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    The most strict I have seen was when I dove in the Galapagos. Most of the rules were sanctioned by the Ecuadorian government. We were required to stay with the guides, unless low on air & must surface with our buddies. We were not allowed to touch any of the animals (especially the whale sharks). If caught that was the end of the diving for the trip. I have also been on a live aboard that required to see your ending pressure on your cylinders when you exited the water. Then I have seen operators that would allow you to do just about anything that you wanted to do, as long as their equipment came back at the end of the day. Their dive masters would even lead OW divers 200 ft back into a very silty sea cave. While I agree, divers should be reliant on themselves (Yes, I'm a closet solo diver at times) & should not blindly follow a dive leader into unknown or dangerous situations, I've seen at times where the rules seemed a bit over the top.

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    Quote Originally Posted by Jim Lapenta View Post
    Depends on the op. Too restrictive and I will go somewhere else. Too lax and I just don't look at the people trying to hook their tanks up backwards. . Seriously though it really is more on the individual diver. Those ops that allow butt heads to get away with breaking the rules should expect at some time to be sued because those same people are usually the ones to look for a payout for their own stupidity. One quarry has very strict rules about diving one part of it due to a few deaths over the years. NONE THE FAULT OF THE QUARRY, but people do not want to be responsible for themselves. My thought is if they are that stupid the gene pool is just getting some natural thinning. But the lawyers don't see it that way. I go by the rules of the op. IF I don't like them I don't use them. But I know what they are up front. It's called dive planning and finding out the ops policies is part of the plan. Those who fail to do that deserve to be disappointed.
    Yeah, good points. Almost all my boat dives have been in Canada & U.S. I think one or 2 places required the return with 500 psi rule. Other than that, things seemed to always go pretty smoothly with a minimum of (reasonable) rules mentioned. One time during my week in Panama a guy didn't "follow the leader" and zig zagged all over causing my buddy and I to become "detached" the group. The DM had to go find him. Don't know if he was admonished by the DM or Captain, but he wasn't the "Mr. Popular" on the way back that he was on the way out.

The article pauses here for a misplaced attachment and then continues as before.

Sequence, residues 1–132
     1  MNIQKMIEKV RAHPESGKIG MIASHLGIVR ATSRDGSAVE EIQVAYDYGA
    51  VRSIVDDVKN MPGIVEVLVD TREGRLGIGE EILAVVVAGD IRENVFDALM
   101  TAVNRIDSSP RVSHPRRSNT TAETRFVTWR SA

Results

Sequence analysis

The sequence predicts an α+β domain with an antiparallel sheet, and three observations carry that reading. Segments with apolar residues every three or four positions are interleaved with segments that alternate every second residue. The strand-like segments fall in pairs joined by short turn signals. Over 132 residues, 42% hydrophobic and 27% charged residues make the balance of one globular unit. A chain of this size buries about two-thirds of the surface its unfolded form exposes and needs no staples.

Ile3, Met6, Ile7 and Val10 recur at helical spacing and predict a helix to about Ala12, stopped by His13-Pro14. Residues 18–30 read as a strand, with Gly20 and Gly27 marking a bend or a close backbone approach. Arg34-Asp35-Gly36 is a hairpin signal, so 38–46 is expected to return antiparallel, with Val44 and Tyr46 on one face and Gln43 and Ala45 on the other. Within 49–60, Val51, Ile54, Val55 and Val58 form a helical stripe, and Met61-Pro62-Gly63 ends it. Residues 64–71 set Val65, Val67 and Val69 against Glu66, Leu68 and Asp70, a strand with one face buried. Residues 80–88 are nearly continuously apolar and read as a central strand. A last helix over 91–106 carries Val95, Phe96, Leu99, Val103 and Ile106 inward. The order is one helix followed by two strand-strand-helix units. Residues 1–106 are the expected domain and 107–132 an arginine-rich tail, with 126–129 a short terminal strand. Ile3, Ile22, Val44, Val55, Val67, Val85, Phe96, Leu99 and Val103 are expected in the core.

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    Quote Originally Posted by TMHeimer View Post
    Yeah, good points. Almost all my boat dives have been in Canada & U.S. I think one or 2 places required the return with 500 psi rule. Other than that, things seemed to always go pretty smoothly with a minimum of (reasonable) rules mentioned. One time during my week in Panama a guy didn't "follow the leader" and zig zagged all over causing my buddy and I to become "detached" the group. The DM had to go find him. Don't know if he was admonished by the DM or Captain, but he wasn't the "Mr. Popular" on the way back that he was on the way out.
    Then there are the "special" rules for just a few of us. A buddy of mine and myself were diving in the keys with a well known dive op (who is a member here) and followed the "be back with 500 psi rule", in fact we came back with 750 psi. On the next dive the captain gave a different briefing...be back on the boat with 500 psi...... except you 2 (pointing at us)....you be back in an hour !! Seems an hour and 15 minutes and back on with 750 was not OK.

    And in case anyone is wondering, it was all in good fun and taken that way. We were back in 62 minutes if I remember correctly. I have no problems with boat rules if they are reasonable and used with some common since.. If the rule is back on the boat at 500 and I climb back on with 495 it will not go well to try to stop my diving.
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    I remember I caught all kinds of hell for not.. after entering the water...

    spinning around, facing the dive boat and giving the big dramatic hand over head OK sign.

    The capt. started busting my balls about it the second I got on the boat. I told him "I thought the perfectly executed duck dive was a good enough signal that I wasn't drowning" he kinda shook his head (I think he chuckled a little).
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    There is also the other side of the equation, allowing a dive when common sense dictates otherwise. I have been on liveaboards in eight to ten foot seas, with the ladder going horizontal in the troughs at night and the captain allowed the dive. While the two divers were down a squall blew in and they almost got seriously injured re-boarding the boat. The captain said he would never do that again. Just had another case on a liveaboard in rough seas were the buddy jumped on top of her buddy and smacked her pretty good. Had to return to port and so on. The Captain again was stupid, seas washing the normal dive deck so he allows a giant stride from the second deck. What about the loss of dives to the other paying customers during the back and forth transit. Divers were probably quite capable of the dive but mother nature is a brutal bitch and should not be toyed with, the ocean will be there tomorrow.